The New Hampshire House of Representatives failed to pass a budget for the first time in decades, and relinquished the duty of establishing a budget to the Senate. The House will get another up or down vote on the budget later but right now Republican House Majority Leader Dick Hinch of Merrimack is trying to deflect blame from his party by trying to assign some responsibility to the Democrats for this loss even though Republicans control all three branches of government in New Hampshire.
There were many items in the Republican budget that Democrats found attractive and we were willing to work with the leadership to develop a budget that would pass the entire House.
The budget that failed included Constitutional Carry, more oversight of the University System of New Hampshire—even though it’s governed by an extraordinarily qualified board of community leaders, educators and business people—and permitting school boards to ship children to nonsectarian private schools if there is a public school around to serve a child’s needs. One doubts that Representative Hinch will find many Democrats with these priorities, especially when the Republicans insist on including reforming election laws to “prevent drive-by voting” and no funding for full day Kindergarten.
The Ways and Means Committee heard many bills this term that offered more tax credit for business on the claim that this will encourage business to either expand or move here to NH. These pitches always sound good but the real reason business is having a tough time expanding here is because our current work force isn’t big enough to fill the jobs that require technically savvy people. We have talented workers of all ages here and our colleges are doing a great job of education and training. We just don’t have enough. It’s not about more tax breaks.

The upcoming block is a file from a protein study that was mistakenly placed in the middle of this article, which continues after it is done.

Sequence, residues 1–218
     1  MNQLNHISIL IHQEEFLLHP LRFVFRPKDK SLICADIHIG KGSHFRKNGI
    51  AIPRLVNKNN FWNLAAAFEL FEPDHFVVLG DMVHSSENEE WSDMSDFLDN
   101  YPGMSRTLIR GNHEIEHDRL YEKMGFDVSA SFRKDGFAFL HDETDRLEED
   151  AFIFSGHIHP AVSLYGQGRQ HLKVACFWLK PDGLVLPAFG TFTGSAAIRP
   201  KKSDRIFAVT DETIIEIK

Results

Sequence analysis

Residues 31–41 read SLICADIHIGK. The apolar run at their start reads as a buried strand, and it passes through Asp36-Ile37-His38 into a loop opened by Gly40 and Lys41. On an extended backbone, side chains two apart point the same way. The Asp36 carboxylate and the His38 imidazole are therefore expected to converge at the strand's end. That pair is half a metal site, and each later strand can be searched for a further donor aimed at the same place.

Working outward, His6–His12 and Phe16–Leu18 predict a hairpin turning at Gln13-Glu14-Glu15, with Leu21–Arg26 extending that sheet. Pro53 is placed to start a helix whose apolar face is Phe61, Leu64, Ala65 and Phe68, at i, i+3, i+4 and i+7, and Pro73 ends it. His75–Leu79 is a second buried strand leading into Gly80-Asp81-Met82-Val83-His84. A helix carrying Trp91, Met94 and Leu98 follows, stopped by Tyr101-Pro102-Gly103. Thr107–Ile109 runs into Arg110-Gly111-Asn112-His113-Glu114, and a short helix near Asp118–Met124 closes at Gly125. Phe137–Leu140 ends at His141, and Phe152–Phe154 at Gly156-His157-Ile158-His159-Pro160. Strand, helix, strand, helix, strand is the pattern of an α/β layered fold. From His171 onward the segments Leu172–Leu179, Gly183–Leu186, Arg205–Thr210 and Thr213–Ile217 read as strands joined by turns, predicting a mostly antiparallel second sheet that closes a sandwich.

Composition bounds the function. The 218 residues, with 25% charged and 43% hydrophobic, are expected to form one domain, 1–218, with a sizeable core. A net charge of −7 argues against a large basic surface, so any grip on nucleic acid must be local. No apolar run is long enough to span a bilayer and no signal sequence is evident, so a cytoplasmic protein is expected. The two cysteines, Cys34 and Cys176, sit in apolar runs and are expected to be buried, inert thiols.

Democrats didn’t support the budget even though it included some Democratic priorities, but it wasn’t enough to overcome the clear priorities of the Republican Party that insists on more oversight of our public educational system and restricting voting, among other things.
Representative Hinch said in a recent opinion piece published in the Manchester Union Leader that the “House Republican Majority in Concord is committed to building a coalition that will ensure that our Republican principles are represented in the legislation that we pass and the people of New Hampshire have confidence in the Legislature and their state government."
We now have to wait and see what the Senate will craft but here’s hoping that the Senate got the strong message from House Democrats that there are some items on which compromise will be tough.